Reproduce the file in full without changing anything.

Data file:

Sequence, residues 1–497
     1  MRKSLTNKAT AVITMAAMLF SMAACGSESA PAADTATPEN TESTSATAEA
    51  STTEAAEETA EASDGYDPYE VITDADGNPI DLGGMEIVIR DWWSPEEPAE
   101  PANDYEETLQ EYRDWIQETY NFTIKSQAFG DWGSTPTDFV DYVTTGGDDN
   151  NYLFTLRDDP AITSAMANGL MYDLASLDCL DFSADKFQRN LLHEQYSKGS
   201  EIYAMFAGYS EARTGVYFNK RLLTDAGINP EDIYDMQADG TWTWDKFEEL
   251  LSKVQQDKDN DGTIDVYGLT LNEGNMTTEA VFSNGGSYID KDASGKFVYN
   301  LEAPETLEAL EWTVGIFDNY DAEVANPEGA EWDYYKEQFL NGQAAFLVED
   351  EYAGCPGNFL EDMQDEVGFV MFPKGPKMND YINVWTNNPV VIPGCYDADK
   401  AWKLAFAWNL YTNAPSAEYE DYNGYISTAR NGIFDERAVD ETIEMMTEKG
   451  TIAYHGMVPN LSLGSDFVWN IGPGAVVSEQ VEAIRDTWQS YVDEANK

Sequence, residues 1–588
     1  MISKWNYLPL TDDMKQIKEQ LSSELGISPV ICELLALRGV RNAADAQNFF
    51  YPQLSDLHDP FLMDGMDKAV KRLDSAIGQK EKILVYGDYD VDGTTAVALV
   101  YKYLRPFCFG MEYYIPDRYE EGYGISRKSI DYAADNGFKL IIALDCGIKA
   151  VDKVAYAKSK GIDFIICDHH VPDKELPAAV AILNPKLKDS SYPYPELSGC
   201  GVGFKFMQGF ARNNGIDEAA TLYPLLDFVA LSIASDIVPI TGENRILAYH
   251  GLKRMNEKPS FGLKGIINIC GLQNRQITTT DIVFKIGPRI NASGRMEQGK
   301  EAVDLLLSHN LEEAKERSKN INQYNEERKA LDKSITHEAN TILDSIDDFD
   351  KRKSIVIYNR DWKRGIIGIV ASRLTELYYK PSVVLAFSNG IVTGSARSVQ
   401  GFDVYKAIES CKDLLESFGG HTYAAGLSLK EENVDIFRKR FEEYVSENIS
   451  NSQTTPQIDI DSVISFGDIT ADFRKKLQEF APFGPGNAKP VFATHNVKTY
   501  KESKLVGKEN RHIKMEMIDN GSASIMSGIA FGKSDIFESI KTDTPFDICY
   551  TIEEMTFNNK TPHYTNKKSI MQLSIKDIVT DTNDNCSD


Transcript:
Sequence, residues 1–497
     1  MRKSLTNKAT AVITMAAMLF SMAACGSESA PAADTATPEN TESTSATAEA
    51  STTEAAEETA EASDGYDPYE VITDADGNPI DLGGMEIVIR DWWSPEEPAE
   101  PANDYEETLQ EYRDWIQETY NFTIKSQAFG DWGSTPTDFV DYVTTGGDDN
   151  NYLFTLRDDP AITSAMANGL MYDLASLDCL DFSADKFQRN LLHEQYSKGS
   201  EIYAMFAGYS EARTGVYFNK RLLTDAGINP EDIYDMQADG TWTWDKFEEL
   251  LSKVQQDKDN DGTIDVYGLT LNEGNMTTEA VFSNGGSYID KDASGKFVYN
   301  LEAPETLEAL EWTVGIFDNY DAEVANPEGA EWDYYKEQFL NGQAAFLVED
   351  EYAGCPGNFL EDMQDEVGFV MFPKGPKMND YINVWTNNPV VIPGCYDADK
   401  AWKLAFAWNL YTNAPSAEYE DYNGYISTAR NGIFDERAVD ETIEMMTEKG
   451  TIAYHGMVPN LSLGSDFVWN IGPGAVVSEQ VEAIRDTWQS YVDEANK

Sequence, residues 1–588
     1  MISKWNYLPL TDDMKQIKEQ LSSELGISPV ICELLALRGV RNAADAQNFF
    51  YPQLSDLHDP FLMDGMDKAV KRLDSAIGQK EKILVYGDYD VDGTTAVALV
   101  YKYLRPFCFG MEYYIPDRYE EGYGISRKSI DYAADNGFKL IIALDCGIKA
   151  VDKVAYAKSK GIDFIICDHH VPDKELPAAV AILNPKLKDS SYPYPELSGC
   201  GVGFKFMQGF ARNNGIDEAA TLYPLLDFVA LSIASDIVPI TGENRILAYH
   251  GLKRMNEKPS FGLKGIINIC GLQNRQITTT DIVFKIGPRI NASGRMEQGK
   301  EAVDLLLSHN LEEAKERSKN INQYNEERKA LDKSITHEAN TILDSIDDFD
   351  KRKSIVIYNR DWKRGIIGIV ASRLTELYYK PSVVLAFSNG IVTGSARSVQ
   401  GFDVYKAIES CKDLLESFGG HTYAAGLSLK EENVDIFRKR FEEYVSENIS
   451  NSQTTPQIDI DSVISFGDIT ADFRKKLQEF APFGPGNAKP VFATHNVKTY
   501  KESKLVGKEN RHIKMEMIDN GSASIMSGIA FGKSDIFESI KTDTPFDICY
   551  TIEEMTFNNK TPHYTNKKSI MQLSIKDIVT DTNDNCSD